Ben Schachter is the author of Image, Action, and Idea in Contemporary Jewish Art, published in November by Penn State University Press. Earlier this week, he shared his five favorite Jewish artworks. He has been blogging here as part of JBC’s Visiting Scribe series.
About twenty years ago the Jewish Museum in New York proposed the following thought experiment: Can Jewish art be too Jewish for the Jewish Museum? Well, that depends on who you ask. And it was the Jewish Museum that was asking in 1996. The idea for the show arose when then head curator Norman Kleeblatt visited artist Archie Rand’s studio. Rand had been working on a series of paintings that he hoped would be embarrassingly Jewish. Each one illuminated a portion from the Torah. According to accounts in the exhibition catalog for the show, “Too Jewish?” Rand succeeded. Without stating it directly, yes, there is art that is too Jewish. But when I saw the show, I saw nothing of the sort. I saw something entirely different.
In 1996 I was a freshly minted Wesleyan University alumnus. I had grown up as an active and engaged reform Jew. I sang in the choir with my father and brother and went to high holiday services. It was important to me to be with family during those celebrations. I never even considered religious ambiguity (and really I still don’t).
Yet, walking into the Jewish Museum was like walking into a temple that I had never visited. I wasn’t sure what to expect or what was expected of me. Don’t get me wrong — I didn’t think of art as a religious experience, and I certainly knew how to carry myself in a museum. But for some reason, the Jewish Museum was different. I felt out of place. Was the Jewish Museum “too Jewish” for me?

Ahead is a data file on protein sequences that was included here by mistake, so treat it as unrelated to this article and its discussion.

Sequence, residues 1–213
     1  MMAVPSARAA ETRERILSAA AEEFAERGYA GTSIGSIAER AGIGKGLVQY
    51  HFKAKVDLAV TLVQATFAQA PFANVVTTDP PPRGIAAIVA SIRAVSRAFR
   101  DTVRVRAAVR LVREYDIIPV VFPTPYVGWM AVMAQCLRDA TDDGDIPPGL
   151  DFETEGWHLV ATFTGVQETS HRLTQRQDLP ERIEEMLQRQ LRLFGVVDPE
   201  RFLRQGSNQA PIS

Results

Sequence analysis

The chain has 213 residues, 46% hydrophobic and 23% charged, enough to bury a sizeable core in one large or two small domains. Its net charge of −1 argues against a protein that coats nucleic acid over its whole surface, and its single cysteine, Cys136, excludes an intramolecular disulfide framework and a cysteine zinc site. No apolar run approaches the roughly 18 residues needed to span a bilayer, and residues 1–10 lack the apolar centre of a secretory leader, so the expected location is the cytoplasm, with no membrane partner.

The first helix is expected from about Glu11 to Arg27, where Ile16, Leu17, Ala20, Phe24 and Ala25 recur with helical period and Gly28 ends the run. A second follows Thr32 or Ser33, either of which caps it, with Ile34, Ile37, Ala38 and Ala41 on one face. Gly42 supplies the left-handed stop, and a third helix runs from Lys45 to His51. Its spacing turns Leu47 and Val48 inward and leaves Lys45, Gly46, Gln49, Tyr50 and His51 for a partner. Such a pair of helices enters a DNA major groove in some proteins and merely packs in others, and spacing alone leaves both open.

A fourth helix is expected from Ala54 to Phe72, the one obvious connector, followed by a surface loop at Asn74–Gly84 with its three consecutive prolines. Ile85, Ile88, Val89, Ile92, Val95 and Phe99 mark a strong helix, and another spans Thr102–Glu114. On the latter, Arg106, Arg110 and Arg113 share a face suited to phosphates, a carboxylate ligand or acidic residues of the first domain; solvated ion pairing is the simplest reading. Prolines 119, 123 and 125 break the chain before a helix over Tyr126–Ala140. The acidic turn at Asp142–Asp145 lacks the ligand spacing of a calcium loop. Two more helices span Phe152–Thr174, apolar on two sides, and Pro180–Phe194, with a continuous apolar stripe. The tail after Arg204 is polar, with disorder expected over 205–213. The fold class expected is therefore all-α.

That feeling quickly dissipated when I entered “Too Jewish?” I saw artworks tackling Jewish ideas and traditions with non-traditional materials and avant-garde techniques. At every turn, I was surprised: by casts of noses, erased text, monotonous counting of grains of rice. It felt more like a downtown gallery than the Jewish Museum. I wasn’t surprised to see Jews asking questions of their religion; what was surprising was how they formed the question — through contemporary art.
Much has changed in twenty years. The Contemporary Jewish Museum in California has expanded and the Jewish Museum programming has grown. The Yeshiva University Museum mounts important exhibitions on the eruv, books, and now has a show featuring a full-scale recreation of the relief from the Arch of Titus depicting the menorah being paraded by Roman legions. The relief in the exhibition was created using the latest cutting edge technology. And the most recent expression of contemporary Jewish art is shown every two years at the Jerusalem Biennale. I was fortunate enough to be part of the most recent exhibition. And even more, I’m glad to count myself as part of a growing and dynamic quest to discover what Jewish art will look like tomorrow.
Can Jewish art be too Jewish for a Jewish Museum? If so, then whatever that art might be isn’t really too Jewish at all; its avant-garde.
Ben Schachter is the author of Image, Action, and Idea in Contemporary Jewish Art(Penn State University Press). He is Professor of Fine Arts at Saint Vincent College. In the past, he received the Hadassah Brandeis research award. His artwork has been exhibited at Yale University, YU Museum, the Jewish Museum, the Westmoreland Museum of American Art, the Mattress Factory, and other venues. His writing on art and criticism has appeared in various art journals and books, includingDrawing in the 21st Century, edited by Elizabeth Pergam andIt’s A Thin Line, edited by Rabbi Adam Mintz. He lives in Pittsburgh with his wife and four children.